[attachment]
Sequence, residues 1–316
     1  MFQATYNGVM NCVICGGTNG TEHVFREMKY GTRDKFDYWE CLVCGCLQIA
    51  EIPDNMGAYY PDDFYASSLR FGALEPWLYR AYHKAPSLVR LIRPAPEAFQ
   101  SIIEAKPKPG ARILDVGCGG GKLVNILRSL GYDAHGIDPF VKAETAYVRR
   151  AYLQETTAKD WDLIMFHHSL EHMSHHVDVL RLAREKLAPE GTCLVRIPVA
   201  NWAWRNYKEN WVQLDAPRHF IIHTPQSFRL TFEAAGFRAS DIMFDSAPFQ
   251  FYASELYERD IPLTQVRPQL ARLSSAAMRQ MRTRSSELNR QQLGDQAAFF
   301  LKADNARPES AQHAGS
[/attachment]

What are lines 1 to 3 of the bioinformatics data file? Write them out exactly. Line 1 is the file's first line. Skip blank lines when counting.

Sequence, residues 1–316
     1  MFQATYNGVM NCVICGGTNG TEHVFREMKY GTRDKFDYWE CLVCGCLQIA
    51  EIPDNMGAYY PDDFYASSLR FGALEPWLYR AYHKAPSLVR LIRPAPEAFQ